Consider a concentrated dye solution, say 10µM of Rhodamine 6G in water, which is rapidly diluted down to 10nM in an open container. I'm trying to estimate the (presumably minute) temperature change, assuming both solutions (dye and water) are initially at the same room temperature. I believe dilution increases entropy ever so slightly, but I'm struggling to turn this statement into a quantitative temperature change. Specifically, how do I calculate the change in entropy? Once I know this, the change in temperature should be straight-forward.

  • $\begingroup$ You need to measure the heat of mixing of the solute and solvent. $\endgroup$ – Chet Miller Dec 26 '17 at 2:52
  • $\begingroup$ @ChesterMiller sure, I could (try to) measure the temperature change, but I'm trying to estimate it theoretically. $\endgroup$ – baptiste Dec 26 '17 at 4:52
  • $\begingroup$ Why are you concerned with entropy but not with enthalpy contribution? $\endgroup$ – Alchimista Dec 26 '17 at 13:41
  • $\begingroup$ Also 10µM is particularly concentrated. You could get like 10 mM or more depending on counterion. $\endgroup$ – Mithoron Dec 26 '17 at 15:13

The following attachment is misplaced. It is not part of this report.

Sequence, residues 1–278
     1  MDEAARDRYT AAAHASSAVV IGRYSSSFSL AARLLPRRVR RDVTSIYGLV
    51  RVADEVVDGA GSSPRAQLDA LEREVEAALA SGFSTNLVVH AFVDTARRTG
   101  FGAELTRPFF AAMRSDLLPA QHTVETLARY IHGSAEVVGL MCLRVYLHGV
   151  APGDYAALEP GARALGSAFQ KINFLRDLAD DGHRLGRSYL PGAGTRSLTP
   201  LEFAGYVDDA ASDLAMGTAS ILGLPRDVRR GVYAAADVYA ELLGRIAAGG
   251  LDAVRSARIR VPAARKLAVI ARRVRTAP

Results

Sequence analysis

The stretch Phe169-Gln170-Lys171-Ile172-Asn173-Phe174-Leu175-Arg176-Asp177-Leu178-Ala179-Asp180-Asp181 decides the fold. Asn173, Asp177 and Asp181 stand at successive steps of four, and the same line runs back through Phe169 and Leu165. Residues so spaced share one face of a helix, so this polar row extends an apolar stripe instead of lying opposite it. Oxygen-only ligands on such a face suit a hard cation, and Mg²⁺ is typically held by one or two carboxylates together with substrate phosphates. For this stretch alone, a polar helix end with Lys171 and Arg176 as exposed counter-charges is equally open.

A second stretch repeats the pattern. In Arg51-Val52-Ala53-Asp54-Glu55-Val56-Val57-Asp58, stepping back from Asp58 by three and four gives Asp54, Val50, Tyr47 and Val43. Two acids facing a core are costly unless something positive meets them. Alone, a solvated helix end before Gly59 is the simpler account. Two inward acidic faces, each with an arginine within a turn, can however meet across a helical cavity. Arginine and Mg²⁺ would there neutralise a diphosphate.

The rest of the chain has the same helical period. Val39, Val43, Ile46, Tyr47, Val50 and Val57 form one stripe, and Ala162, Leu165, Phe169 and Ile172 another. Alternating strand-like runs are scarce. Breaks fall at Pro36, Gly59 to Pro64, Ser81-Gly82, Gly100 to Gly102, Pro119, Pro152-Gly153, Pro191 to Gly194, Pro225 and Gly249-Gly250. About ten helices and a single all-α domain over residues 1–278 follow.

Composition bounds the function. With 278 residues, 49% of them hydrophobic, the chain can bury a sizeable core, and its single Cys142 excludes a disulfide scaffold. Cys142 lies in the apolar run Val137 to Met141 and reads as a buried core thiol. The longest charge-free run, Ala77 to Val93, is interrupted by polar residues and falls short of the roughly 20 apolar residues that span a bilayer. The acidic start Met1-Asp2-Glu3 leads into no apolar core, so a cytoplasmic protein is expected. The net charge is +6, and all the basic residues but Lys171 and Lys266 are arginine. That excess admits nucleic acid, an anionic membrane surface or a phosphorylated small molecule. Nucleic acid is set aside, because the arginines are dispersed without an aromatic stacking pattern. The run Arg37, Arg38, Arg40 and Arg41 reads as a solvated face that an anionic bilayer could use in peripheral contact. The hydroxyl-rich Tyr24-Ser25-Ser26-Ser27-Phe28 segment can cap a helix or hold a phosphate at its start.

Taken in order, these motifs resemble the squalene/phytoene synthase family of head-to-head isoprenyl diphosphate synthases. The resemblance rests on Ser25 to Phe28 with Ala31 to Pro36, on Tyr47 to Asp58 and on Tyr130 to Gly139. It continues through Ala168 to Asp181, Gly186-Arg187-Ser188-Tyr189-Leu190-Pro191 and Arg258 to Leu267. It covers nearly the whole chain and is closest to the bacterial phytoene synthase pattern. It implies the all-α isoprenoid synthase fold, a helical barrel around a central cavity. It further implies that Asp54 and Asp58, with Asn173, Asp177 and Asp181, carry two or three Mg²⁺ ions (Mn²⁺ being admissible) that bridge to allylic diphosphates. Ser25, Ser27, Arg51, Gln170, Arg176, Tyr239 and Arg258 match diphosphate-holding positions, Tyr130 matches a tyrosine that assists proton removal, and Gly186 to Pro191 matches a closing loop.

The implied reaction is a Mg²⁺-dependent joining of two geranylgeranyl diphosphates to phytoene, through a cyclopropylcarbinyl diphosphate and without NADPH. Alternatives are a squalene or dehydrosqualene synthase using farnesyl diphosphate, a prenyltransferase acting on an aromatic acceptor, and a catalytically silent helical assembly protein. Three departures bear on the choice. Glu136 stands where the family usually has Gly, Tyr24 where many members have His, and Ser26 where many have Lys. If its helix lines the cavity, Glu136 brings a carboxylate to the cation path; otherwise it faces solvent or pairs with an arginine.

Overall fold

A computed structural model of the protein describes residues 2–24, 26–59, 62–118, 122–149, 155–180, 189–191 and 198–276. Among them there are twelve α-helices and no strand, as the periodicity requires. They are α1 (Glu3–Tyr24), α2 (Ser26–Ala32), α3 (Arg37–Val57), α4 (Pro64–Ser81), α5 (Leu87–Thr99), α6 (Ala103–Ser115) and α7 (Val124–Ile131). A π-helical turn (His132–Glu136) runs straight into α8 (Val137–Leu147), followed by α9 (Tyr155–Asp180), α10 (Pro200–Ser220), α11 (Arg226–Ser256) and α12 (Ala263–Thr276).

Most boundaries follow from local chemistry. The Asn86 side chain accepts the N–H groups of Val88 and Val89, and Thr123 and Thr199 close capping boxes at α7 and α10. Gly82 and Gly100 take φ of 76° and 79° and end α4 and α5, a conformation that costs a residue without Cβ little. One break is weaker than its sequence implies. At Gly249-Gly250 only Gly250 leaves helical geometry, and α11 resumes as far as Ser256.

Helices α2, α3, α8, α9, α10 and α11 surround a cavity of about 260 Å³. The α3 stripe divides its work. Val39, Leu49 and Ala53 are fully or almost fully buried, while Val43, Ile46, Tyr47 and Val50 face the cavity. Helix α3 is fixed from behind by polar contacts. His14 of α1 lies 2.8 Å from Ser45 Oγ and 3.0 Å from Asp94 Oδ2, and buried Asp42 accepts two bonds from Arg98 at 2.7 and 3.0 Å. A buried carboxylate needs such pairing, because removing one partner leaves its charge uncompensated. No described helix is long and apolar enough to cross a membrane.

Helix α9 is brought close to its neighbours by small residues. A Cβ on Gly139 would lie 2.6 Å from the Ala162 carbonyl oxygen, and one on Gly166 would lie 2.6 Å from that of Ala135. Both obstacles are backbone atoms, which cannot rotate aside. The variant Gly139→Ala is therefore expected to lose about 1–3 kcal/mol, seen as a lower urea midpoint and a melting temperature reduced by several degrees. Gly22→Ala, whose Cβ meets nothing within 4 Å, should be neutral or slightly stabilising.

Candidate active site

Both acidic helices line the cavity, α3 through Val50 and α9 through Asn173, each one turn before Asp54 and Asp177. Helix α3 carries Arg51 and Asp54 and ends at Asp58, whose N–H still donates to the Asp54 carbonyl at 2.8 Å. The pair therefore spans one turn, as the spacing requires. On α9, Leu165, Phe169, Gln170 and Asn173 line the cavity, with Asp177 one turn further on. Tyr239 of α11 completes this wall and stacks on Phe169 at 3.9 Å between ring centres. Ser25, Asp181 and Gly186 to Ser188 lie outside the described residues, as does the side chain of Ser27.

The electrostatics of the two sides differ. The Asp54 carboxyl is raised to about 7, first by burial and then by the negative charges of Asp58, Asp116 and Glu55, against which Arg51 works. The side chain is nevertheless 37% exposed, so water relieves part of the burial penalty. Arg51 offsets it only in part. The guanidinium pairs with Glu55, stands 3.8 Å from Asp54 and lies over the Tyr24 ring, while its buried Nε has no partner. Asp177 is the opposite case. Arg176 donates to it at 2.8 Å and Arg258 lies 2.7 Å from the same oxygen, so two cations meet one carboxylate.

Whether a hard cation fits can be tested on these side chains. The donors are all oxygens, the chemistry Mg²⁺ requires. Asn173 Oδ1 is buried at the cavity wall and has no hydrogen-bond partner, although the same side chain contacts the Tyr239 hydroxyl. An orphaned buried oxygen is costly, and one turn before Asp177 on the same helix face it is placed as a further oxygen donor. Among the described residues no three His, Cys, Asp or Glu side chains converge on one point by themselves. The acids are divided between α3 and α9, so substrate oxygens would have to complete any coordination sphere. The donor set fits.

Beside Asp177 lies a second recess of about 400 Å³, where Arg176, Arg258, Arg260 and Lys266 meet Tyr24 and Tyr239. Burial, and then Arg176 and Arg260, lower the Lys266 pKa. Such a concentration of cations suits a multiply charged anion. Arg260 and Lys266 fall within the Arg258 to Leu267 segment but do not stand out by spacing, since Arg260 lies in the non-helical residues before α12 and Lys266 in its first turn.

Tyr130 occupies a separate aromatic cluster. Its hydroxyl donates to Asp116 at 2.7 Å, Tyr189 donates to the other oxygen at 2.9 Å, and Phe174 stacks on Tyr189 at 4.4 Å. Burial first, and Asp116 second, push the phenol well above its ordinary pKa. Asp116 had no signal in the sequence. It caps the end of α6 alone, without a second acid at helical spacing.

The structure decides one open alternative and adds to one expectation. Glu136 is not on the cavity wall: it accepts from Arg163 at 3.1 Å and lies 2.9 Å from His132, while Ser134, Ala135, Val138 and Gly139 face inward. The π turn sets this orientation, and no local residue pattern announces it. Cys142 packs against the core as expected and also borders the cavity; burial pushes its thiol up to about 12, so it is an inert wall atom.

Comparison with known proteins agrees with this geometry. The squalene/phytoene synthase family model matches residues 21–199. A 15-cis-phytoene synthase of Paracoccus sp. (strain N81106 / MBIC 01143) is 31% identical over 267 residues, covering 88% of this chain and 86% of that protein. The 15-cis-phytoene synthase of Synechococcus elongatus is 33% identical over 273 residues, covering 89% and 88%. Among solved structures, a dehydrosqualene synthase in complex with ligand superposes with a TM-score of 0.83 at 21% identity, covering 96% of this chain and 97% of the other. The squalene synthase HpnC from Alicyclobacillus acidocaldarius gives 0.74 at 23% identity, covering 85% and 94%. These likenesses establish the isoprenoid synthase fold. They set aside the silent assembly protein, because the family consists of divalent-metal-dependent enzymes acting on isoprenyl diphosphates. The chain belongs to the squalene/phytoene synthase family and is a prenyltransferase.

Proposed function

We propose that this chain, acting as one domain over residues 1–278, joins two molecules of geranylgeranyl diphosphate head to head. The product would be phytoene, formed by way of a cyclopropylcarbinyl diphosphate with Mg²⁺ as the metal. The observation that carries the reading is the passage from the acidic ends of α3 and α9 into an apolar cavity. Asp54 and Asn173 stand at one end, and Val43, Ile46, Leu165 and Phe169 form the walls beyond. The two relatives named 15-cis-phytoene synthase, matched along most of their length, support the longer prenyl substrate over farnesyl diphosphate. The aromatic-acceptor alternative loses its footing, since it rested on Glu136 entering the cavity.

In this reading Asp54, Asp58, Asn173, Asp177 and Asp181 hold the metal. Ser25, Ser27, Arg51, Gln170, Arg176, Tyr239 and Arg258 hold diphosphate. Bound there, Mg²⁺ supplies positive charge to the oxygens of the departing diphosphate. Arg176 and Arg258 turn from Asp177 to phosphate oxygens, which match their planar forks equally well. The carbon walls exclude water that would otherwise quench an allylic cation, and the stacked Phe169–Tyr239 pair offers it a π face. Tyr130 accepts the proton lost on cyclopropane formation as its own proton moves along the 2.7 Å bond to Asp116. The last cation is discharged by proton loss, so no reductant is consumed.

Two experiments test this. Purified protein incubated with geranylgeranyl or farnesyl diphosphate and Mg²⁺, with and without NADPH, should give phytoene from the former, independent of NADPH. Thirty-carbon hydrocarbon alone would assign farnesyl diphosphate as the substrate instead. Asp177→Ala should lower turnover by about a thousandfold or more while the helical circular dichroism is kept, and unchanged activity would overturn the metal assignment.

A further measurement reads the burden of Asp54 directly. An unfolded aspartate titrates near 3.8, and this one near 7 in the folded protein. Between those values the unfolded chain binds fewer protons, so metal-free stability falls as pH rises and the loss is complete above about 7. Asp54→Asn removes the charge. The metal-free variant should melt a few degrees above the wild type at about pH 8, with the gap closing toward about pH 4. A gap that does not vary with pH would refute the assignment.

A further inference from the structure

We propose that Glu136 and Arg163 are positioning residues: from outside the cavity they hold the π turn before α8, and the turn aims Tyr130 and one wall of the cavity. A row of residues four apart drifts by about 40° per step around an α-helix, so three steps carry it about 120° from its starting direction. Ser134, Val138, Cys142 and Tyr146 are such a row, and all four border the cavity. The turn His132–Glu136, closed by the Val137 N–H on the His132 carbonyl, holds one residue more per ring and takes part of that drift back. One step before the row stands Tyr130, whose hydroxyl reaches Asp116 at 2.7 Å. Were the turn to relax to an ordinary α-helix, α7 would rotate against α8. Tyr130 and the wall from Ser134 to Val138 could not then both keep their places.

• $\begingroup$ @Alchimista if enthalpy is more relevant please provide an explanation. I'm after the temperature change, and I assumed it would occur because of a change in entropy but maybe there's another contribution, I'm quite rusty on all this. $\endgroup$ – baptiste Dec 26 '17 at 20:24

At such low concentrations, can’t you just assume an ideal solution? Then the change in entropy from mixing would be $\Delta S = -R(x_A\ln x_A + x_B \ln x_B)$. But because the solution is so dilute, you can see that both terms are going to be essentially zero. (For a 10 nM solution, the contribution from entropy of mixing is on the order of $10^{-8}$ J K$^{-1}$ mol$^{-1}$.)

The dilution process would thus lower the total entropy, since there’s less uncertainty in the system. (You’d get the value you compute at 10 nM, the final state, minus the value at 10 µM, the initial state.)

  • $\begingroup$ sorry what's $x_A$? I do expect the answer to be small, but is it $10^{-10}K$ small or more like $10^{-2}K$ $\endgroup$ – baptiste Dec 26 '17 at 4:51
  • $\begingroup$ I'd expect something in between, like $10^{-5}$ or $10^{-6}$. $\endgroup$ – Ivan Neretin Dec 26 '17 at 6:27
  • $\begingroup$ The x’s are mole fractions of solute and solvent. $\endgroup$ – aeismail Dec 26 '17 at 6:32
  • $\begingroup$ I’ve included an order estimate in my answer. $\endgroup$ – aeismail Dec 26 '17 at 6:46
  • $\begingroup$ A solution typically does not approach ideal solution behavior at low concentrations (particularly for an aqueous ionic solution). This would only be the case if you were mixing molecules that have very similar molecular characteristics. The activity coefficient at infinite dilution in a liquid solution usually deviates maximally from unity. $\endgroup$ – Chet Miller Dec 26 '17 at 13:05

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